Black diasporic farming communities are important sites of sustainable food production for millions of people in the US and worldwide. As tight-knit agricultural collectives, they generate food throughout cities, promote diasporic values of ecological well-being, resource conservation, and interdependence, and foster the possibility of social and political transformation for black, indigenous, racialized and marginalized groups. While advancements in food security, nutrition, and environmental health have the potential to feed nearly twice as many people per year, particularly among historically marginalized groups, black diasporic urban farming communities face several hurdles to efficiency that remain largely under-addressed. Activities such as risk management, soil health monitoring, and crop harvesting rely on repeated, time-consuming work that is challenging to support on limited budgets, resources, and labor. The field of artificial intelligence (AI) promises solutions to many of these challenges, making the case for an emerging market around AI-driven agricultural technologies. This project aims to (1) advance understanding of sociotechnical ecosystems involving AI to support diasporic urban farming; (2) collaboratively develop AI-based technologies that better integrates and sustains technological gains with diasporic knowledge, and (3) systematically assess the impact of AI-based farming technologies on diasporic communities and industrial partners.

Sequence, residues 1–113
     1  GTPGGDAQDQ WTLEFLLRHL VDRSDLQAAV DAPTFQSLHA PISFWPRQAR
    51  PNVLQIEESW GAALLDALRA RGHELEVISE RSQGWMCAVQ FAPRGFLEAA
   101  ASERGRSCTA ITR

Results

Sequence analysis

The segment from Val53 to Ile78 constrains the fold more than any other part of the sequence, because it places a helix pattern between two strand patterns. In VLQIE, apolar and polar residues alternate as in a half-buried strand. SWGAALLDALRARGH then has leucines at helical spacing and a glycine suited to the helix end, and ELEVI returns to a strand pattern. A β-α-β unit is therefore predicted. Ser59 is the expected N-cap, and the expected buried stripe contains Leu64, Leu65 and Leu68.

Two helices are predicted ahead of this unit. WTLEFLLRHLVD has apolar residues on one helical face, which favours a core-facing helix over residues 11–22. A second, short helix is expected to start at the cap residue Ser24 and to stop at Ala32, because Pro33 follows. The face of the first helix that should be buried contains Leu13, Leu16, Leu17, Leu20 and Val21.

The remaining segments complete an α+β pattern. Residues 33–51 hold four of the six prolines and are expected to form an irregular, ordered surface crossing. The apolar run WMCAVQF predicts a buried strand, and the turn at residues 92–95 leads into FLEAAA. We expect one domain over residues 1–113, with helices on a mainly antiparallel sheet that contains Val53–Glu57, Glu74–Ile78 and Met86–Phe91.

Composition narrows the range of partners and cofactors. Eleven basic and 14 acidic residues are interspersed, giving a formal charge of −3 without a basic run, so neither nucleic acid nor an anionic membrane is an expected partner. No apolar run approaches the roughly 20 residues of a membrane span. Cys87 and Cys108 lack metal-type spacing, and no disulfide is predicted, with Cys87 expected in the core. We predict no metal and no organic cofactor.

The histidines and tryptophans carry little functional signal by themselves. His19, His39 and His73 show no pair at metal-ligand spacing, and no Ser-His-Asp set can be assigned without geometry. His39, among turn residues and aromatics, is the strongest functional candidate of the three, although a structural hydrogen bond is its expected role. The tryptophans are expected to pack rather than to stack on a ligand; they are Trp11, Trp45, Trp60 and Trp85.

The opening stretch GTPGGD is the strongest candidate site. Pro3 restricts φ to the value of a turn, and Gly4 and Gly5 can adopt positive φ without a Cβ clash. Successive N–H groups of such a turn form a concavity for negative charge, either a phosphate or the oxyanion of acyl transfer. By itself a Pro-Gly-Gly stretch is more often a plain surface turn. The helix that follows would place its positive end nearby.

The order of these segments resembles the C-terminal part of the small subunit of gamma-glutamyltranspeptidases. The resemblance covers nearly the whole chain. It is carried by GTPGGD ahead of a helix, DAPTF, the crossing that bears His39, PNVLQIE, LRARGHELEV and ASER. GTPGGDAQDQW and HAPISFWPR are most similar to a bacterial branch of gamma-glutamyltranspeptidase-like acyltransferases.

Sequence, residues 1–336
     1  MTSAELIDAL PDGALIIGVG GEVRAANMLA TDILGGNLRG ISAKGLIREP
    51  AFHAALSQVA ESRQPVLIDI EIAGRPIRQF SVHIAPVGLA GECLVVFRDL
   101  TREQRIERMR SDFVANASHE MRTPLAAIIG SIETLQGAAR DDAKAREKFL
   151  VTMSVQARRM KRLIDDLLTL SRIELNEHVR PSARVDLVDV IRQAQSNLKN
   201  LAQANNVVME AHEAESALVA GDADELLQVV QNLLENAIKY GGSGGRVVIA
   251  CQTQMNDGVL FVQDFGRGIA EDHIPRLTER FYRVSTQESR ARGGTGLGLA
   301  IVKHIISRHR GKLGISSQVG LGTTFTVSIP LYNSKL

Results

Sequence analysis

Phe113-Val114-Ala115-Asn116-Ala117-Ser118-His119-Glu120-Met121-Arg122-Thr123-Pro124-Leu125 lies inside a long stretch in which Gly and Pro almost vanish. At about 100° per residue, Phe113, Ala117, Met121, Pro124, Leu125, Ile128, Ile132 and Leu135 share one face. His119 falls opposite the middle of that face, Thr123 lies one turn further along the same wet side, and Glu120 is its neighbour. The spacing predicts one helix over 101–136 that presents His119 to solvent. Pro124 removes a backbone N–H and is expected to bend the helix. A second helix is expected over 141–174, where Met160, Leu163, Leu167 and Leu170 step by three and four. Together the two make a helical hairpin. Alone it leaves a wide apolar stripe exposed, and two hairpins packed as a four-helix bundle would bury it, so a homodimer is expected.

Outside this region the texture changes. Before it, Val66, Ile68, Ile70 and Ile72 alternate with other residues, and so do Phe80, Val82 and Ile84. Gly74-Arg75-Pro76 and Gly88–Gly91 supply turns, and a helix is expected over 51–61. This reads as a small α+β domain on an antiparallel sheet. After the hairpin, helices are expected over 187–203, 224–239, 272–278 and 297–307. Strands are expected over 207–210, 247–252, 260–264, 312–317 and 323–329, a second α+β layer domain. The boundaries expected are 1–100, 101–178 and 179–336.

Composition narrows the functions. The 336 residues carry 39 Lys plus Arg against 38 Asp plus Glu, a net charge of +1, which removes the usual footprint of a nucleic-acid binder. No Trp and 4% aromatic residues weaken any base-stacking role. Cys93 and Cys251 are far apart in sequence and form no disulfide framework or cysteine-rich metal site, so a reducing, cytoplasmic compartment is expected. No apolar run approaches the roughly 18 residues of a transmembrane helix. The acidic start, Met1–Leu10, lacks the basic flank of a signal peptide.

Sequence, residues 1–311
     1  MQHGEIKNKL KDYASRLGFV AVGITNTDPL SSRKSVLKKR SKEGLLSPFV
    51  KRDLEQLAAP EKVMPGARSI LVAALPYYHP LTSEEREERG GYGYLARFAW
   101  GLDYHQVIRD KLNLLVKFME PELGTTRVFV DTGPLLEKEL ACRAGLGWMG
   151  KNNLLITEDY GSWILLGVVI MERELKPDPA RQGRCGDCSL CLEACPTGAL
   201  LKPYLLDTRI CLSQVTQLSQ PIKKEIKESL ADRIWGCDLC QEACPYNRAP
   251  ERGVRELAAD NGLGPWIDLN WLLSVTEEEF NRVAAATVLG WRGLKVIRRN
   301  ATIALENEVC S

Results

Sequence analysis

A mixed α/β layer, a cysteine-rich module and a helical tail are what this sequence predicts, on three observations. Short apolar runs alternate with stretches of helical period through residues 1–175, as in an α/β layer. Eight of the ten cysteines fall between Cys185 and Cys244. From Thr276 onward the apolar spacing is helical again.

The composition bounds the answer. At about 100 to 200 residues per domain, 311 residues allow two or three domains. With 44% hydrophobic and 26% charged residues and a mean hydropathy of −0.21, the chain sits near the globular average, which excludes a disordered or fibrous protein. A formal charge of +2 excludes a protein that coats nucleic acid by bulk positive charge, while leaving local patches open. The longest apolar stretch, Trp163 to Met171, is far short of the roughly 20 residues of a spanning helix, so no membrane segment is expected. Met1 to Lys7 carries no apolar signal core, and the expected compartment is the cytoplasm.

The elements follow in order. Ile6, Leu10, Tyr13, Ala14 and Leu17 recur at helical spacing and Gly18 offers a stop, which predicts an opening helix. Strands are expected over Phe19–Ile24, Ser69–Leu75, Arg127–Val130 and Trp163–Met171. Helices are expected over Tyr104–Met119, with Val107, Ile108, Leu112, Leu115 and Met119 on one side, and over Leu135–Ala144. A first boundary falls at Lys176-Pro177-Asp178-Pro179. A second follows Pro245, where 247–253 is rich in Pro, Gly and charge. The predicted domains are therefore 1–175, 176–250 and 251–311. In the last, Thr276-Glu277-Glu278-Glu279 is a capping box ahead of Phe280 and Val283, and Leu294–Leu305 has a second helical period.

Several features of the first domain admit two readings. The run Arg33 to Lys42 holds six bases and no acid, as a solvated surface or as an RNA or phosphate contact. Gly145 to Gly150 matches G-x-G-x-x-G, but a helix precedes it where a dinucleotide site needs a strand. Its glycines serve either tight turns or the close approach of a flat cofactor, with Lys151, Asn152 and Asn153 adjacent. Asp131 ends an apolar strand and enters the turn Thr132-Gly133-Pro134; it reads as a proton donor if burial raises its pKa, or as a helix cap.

In particular, our research seeks to advance the field of smart agriculture for diasporic urban farming communities along three urgent axes: (1) Labor: Addressing labor needs, decreasing bias within weeding, and ensuring access to affordable services for farmers who need them; (2) Ecosystem: Advancing care for a farm's ecological conditions by supporting synergistic relationships with the land and surrounding organisms, training novice farmers, and monitoring greenhouse conditions; (3) Health: Innovating mechanisms for healthy soil conditions, reducing toxicity, and increasing the quality and quantity of nutrients. This work unfolds across three phases. Phase 1 begins with an ethnographic case study involving participant observation of urban agricultural practices and semi-structured interviews with partner organizations and identified stakeholders. Phase 2 complements this empirical work with an evaluation and design study that identifies sociotechnical solutions for agricultural decision-making informed by black diasporic needs. Phase 3 involves technical implementation that mindfully integrates black diasporic knowledge with AI-based technologies towards a smart and connected diasporic farming infrastructure. This work relies on our interdisciplinary team's close collaboration with three farming organizations, three industry partners, and sustained partnerships across wider diasporic farming networks, and oversight from experts in AI, HCI, critical geography, urban studies, and community-based inquiry.
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